The once-popular idea that this carcass was a ritualised ingestion of the god himself is no longer in vogue (though remains to be convincingly refuted). The fact that Euripides interpolates King Pentheus into the role of sacrificial animal implies that cannibalism, though ghastly, does not seem to be wholly inappropriate.
Ignoring the god/man-eating aspect, the fact that the sacrificial meat was uncooked is a perverse act in and of itself and an example of how Dionysus revels in his role as disrupter of the social order.
This too is reflected in his public festivals, of which there were at least seven annually in Athens alone. Characteristics of these celebrations were excessive and open drunkenness, obscenity, lubriciousness and transvestitism; all amidst huge, decorative phalli that lend a je ne sais quoi to any event.
Along with wine, intoxication and ritual madness, Dionysus was also a god of theatre – comedy and tragedy reflecting perfectly the dichotomy within his soul – as well as masks, impersonation and, almost paradoxically, the afterlife.
Indeed, this aspect should not be belittled as he constantly crops up in funeral art. The pre-Socratic philosopher, Heraclitus, went as far as to say: “Dionysus, in whose honour they rave in bacchic frenzy, and Hades are the same”.
Well, Dionysus is certainly a joke, but a joke borne of lust and power, of wine and spite, of ecstasy and shame.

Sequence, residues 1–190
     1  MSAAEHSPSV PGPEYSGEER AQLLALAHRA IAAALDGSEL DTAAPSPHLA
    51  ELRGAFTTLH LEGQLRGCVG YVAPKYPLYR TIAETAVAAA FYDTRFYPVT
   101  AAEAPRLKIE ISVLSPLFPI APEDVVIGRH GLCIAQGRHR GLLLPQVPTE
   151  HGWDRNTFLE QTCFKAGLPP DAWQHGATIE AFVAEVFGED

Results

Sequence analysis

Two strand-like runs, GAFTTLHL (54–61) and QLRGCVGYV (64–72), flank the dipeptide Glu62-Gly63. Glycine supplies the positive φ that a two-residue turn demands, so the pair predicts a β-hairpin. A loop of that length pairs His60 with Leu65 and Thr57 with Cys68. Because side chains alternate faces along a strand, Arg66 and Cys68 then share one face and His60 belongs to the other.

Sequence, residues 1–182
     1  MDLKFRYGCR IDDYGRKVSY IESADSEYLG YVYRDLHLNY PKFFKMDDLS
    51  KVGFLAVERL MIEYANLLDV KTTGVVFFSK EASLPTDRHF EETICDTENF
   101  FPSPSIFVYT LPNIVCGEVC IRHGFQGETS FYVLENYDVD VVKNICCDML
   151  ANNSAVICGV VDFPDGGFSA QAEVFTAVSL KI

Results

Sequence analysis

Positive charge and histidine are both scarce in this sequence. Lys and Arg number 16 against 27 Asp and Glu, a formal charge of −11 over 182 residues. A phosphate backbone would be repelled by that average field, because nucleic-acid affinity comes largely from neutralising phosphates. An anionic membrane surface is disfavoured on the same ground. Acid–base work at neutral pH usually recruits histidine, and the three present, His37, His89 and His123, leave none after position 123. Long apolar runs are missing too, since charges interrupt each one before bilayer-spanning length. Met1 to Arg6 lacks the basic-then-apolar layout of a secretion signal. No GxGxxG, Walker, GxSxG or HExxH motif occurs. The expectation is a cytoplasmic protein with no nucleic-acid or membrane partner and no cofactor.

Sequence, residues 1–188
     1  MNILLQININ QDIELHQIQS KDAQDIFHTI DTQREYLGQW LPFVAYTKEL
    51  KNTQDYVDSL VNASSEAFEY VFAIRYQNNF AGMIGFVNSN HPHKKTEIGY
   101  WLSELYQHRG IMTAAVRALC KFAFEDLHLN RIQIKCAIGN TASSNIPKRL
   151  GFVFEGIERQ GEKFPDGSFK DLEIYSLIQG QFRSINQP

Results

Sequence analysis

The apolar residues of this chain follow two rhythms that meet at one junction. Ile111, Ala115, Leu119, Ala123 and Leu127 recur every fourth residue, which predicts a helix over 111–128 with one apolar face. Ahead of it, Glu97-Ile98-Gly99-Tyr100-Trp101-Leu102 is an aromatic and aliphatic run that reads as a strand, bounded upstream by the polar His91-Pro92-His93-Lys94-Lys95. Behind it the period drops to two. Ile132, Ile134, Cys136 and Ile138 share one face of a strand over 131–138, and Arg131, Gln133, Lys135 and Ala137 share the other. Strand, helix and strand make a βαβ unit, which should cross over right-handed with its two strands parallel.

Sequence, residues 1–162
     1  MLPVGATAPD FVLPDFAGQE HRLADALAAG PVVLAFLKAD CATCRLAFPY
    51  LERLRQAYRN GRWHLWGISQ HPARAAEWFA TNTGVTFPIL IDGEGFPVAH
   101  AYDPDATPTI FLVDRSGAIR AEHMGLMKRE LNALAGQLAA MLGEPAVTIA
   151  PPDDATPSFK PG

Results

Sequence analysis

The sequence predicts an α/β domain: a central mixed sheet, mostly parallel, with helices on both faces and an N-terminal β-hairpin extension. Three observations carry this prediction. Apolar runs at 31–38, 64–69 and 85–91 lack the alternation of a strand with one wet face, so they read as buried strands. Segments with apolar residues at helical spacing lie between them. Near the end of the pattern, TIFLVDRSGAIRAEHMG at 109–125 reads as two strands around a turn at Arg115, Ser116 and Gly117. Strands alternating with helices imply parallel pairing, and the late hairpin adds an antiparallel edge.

His beauty and brutality are so pervasive that at times he is almost the embodiment of a last request; one final moment of frenzied delight before the trapdoor opens and the noose tightens.
He is death, blood, beauty, pain, art, ecstasy, elation, and envy; a man for whom one would gladly hold a feast day, perhaps without acknowledging the dreadful truth of what could potentially be on the menu.
Euripides certainly portrays him as a creature of horror and violence; one desirous of carrying out torture and humiliation.
Perhaps as one so cruel and beautiful, powerful and appetitive, he is not merely versatile, but strikes to the heart of our own divine empathy.
After all, there is barely a man who ever existed who doesn’t have something in common with Dionysus. And it may be this, more than anything else, that fascinates and repels in almost equal measure.